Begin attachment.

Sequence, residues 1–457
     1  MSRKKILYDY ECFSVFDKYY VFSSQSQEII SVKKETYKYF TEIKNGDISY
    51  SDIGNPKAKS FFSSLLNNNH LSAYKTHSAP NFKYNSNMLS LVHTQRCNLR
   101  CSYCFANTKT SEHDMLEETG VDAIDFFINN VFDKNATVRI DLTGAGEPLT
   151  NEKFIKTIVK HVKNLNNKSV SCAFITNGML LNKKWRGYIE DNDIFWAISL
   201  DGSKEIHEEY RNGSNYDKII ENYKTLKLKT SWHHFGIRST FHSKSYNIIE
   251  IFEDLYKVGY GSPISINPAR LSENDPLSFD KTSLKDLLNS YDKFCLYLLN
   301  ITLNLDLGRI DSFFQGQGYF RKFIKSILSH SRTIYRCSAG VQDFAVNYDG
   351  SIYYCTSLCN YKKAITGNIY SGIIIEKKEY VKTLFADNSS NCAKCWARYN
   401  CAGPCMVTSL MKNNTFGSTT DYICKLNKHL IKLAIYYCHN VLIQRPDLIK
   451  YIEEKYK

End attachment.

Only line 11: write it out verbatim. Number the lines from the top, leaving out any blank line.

   451  YIEEKYK